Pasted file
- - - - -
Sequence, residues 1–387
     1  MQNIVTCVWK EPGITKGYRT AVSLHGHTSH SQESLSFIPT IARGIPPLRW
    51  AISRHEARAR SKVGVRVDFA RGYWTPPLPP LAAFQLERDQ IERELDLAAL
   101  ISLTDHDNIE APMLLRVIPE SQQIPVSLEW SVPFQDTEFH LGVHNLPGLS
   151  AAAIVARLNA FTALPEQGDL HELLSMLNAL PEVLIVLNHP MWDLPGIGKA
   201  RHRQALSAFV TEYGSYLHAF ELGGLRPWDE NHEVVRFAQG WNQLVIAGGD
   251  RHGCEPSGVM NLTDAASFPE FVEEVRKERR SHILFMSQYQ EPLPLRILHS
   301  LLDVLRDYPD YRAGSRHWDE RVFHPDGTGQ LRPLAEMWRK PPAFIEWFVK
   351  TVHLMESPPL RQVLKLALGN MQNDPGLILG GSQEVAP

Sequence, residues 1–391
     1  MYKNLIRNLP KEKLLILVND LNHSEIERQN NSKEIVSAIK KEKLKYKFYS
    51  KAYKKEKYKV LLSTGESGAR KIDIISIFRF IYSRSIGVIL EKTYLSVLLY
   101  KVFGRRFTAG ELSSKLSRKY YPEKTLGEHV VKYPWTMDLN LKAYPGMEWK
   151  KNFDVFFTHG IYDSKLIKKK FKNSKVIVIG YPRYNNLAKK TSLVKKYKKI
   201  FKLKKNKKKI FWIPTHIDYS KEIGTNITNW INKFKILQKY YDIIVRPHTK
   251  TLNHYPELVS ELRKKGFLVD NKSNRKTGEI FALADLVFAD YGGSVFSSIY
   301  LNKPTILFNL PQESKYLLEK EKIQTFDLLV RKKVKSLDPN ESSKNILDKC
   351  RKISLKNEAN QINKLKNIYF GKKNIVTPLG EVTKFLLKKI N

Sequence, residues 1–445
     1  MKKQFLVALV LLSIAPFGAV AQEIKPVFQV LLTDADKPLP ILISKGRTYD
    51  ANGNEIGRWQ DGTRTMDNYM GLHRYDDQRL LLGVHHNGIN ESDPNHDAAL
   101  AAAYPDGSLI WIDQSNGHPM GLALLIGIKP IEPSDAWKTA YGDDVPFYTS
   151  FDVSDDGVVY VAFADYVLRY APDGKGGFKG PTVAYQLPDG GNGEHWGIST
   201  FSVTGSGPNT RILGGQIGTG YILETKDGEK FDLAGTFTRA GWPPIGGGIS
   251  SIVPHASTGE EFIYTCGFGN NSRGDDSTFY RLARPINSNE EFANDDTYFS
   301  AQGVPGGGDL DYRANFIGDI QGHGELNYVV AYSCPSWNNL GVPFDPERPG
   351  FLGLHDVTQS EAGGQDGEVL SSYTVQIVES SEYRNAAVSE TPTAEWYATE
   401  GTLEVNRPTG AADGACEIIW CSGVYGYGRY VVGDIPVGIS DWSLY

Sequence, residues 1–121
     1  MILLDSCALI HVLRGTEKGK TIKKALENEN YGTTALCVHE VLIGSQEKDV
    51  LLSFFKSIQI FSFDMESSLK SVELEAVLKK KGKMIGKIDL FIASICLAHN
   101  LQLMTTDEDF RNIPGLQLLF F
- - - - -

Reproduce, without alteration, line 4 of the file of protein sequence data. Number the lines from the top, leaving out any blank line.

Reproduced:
   101  ISLTDHDNIE APMLLRVIPE SQQIPVSLEW SVPFQDTEFH LGVHNLPGLS